We're back with Part 2 of our look at eMarketer's exhaustive study, "7 Trends For Video Advertising Engagement." In Part 1, we looked at the recent changes in how advertisers measure engagement as well as some of the reasons for those shifts, such as an increase in variety of choices for audience members. Today we're going to dive further into the report to look at how ad targeting impacts engagement and how longer ads can improve it.
We did most of the introduction stuff last time, so let's just dive right back into the trends and forge ahead, shall we?
Trend 3: Ad Targeting Influences Engagement
Traditionally, online advertising has been dominated by ad networks. The brands go to these ad networks because they typically have tremendous reach--they can get your ad in front of the most eyeballs, which historically is a good thing for advertisers.
But these days we're seeing targeting move into a more prominent spot on the list of advertisers' goals, even jumping ahead of reach. They're not choosing the ad network solely on reach alone anymore. Check it out:
Even when brands eschew ad networks in favor of buying ads on specific websites, they're still favoring that site's targeting ability over its pure reach:
Of course, like most everything else in the world of online video, "targeting" can mean a lot of different things, depending on who you ask. Are we targeting by where people live? Or by gender and age? Perhaps we're targeting by behavior?
Never fear, though, as eMarketer has data to help us understand the most popular methods of online video ad targeting:
Brands need to choose not only the right network or site, but the right form of targeting in order for their ad to stimulate engagement. Targeting counts as much--or more--than even having a great ad:
"Imagine a superb ad for a women's hair care product shown on Break.com, a site that targets males 18 to 34. They're likely going to watch it, because of the beautiful women in the ad. They're possibly going to remember the product, too—but the video is not going to get any real engagement because it was targeted incorrectly."
eMarketer's ultimate conclusion may frustrate you if you're the type that looks for easy answers, because they say there aren't any. It's obvious that targeting can impact engagement in positive ways or negative ways--there's a clear relationship between the two.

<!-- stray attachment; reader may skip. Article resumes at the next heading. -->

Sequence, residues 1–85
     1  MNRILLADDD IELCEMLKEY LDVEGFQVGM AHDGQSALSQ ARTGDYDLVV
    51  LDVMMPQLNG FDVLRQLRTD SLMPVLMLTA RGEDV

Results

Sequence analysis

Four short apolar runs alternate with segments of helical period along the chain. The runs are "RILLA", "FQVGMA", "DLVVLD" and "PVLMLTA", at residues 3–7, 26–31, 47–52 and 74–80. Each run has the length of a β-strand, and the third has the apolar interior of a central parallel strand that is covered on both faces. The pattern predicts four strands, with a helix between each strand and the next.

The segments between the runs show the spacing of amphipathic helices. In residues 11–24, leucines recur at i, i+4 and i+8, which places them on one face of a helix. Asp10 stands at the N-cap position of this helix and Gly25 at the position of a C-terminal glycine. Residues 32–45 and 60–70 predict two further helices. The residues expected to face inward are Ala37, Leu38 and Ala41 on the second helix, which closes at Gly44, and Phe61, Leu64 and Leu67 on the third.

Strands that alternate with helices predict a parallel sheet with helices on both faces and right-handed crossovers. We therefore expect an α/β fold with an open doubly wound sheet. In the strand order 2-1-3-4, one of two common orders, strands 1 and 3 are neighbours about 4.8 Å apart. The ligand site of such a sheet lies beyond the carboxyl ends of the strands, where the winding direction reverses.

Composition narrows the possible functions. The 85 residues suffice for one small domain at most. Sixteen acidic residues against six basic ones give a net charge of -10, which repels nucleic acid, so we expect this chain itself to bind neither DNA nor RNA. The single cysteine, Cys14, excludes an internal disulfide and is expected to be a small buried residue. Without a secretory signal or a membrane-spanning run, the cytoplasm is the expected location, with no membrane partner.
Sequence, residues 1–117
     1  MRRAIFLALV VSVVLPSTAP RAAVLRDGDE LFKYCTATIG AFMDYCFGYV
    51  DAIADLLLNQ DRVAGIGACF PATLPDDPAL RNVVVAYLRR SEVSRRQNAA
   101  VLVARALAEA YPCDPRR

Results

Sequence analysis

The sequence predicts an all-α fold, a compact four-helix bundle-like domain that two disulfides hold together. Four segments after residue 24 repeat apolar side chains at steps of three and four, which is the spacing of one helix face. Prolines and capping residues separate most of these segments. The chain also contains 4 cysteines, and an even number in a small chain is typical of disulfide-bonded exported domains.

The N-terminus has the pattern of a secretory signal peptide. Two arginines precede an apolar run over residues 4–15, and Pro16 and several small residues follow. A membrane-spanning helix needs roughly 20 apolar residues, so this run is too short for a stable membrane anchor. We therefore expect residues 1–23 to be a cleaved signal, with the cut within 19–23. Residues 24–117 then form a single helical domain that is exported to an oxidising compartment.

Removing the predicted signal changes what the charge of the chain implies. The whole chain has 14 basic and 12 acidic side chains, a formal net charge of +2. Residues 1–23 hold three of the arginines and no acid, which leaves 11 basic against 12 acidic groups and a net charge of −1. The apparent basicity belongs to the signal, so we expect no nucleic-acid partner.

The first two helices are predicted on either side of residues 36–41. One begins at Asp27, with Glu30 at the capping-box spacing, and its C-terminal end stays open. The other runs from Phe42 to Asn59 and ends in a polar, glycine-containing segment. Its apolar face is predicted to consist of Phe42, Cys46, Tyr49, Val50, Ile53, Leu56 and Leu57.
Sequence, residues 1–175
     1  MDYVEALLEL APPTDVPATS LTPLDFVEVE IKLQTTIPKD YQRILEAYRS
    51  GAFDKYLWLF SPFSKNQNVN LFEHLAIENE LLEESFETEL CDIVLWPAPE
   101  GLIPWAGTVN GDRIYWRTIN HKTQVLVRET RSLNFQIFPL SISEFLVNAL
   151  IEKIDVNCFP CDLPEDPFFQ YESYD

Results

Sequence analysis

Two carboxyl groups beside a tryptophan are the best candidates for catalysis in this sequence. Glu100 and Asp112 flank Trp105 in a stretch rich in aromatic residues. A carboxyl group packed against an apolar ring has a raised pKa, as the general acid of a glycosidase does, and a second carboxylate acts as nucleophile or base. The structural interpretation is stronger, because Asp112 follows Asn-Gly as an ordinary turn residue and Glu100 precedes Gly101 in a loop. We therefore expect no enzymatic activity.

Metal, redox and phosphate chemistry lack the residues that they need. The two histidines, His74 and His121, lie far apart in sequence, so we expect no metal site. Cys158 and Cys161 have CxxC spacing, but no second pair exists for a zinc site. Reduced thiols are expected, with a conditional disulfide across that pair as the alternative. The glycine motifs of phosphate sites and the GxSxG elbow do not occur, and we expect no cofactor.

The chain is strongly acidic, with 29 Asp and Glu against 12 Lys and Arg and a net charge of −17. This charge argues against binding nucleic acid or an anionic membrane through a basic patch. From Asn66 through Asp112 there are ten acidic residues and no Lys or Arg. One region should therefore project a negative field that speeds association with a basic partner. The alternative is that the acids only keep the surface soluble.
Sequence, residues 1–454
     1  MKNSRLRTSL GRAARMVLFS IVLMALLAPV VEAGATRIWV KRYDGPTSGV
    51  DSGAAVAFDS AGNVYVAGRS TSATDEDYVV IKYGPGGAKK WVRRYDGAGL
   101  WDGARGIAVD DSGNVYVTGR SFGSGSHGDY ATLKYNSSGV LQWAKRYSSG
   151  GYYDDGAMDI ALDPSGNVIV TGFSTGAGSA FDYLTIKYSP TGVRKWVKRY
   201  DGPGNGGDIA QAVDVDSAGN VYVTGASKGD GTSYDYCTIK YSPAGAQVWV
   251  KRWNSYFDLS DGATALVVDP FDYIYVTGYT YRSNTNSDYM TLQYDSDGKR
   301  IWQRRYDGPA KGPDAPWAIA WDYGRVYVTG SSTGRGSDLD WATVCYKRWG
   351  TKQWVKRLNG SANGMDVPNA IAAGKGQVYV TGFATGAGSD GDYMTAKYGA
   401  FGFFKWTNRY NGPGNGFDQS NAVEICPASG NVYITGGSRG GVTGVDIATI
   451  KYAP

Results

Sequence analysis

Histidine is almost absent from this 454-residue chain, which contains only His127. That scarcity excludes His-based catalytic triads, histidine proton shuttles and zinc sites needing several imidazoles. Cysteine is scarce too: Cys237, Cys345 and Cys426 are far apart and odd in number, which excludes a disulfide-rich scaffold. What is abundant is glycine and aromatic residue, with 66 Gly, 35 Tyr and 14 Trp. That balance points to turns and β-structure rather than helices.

Online video ad engagement is a very inexact science, in part because of how inexact and subjective ad targeting is. The general conclusion seems to be that online video--and targeting, and engagement--is just still so new that it's impossible to have it all figured out yet. Brands will get better at targeting as ad networks get better at targeting, which will boost engagement across the board.
Trend 4: Longer Ads Can Extend Engagement
If "time spent watching an ad" is a good indicator of engagement, why don't brands just create a bunch of super long ads, which should boost the "time spent watching" stat and, therefore, audience engagement?
The answer is that longer doesn't translate directly to engagement. Infomercials on television are long, but that doesn't necessarily mean they have higher engagement rates than standard ads.
eMarketer encourages advertisers to use longer video only after they have identified the proper context and ad content. The first suggestion is to match the ad length with the content length most associated with that location (put simply: don't put 15 minute ads on a site that specializes in 10-second videos). So then the starting point is to examine the most popular types of video, along with their relative length:
Longer ads are a double-edged sword. They improve engagement numbers in the areas of exposure and "time spent watching," but they actually hinder engagement numbers related to things like audience involvement or "finishing the ad." eMarketer quotes a recent YuMe report that showed longer pre-roll ads lowered completion rates significantly.
This pushes brands away from pre-roll and other traditional video ad formats whenever considering a long ad, which is why we see so many more advertisers making branded video (viral video, branded sponsorship of long-form video, etc.).
In fact, branded custom content is the number one area of interest for media executives looking to market their company online:
Longer online video ads can come in any variety, obviously. But placing those longer ads in the more traditional places--like pre-roll, post-roll, or in-stream banner ads--is a bad idea. It doesn't lead to audience engagement and might even develop animosity on the part of the viewer. However, longer ads in the areas of branded content--viral videos and video product placement--have proven to boost awareness.
If brands have any hope of better understanding their audience, and understanding how the audience views their company, then they're going to have to get better at targeting. Targeting shows signs of being a very effective tool for increasing engagement, but only when applied correctly. Poor targeting can sink a campaign just as excellent targeting and make it a success. Similarly, longer video shows signs of increasing engagement, but not across the board, and only with specific varieties of online video ads.
Join us for our third and final installment of this series, Part 3, which will be coming in the next day or so. We'll take a look at the final three trends eMarketer has pointed out, and wrap it all up with some simplified takeaways.
You can get a full copy of the report here @$695 from eMarketer - and it's well worth it.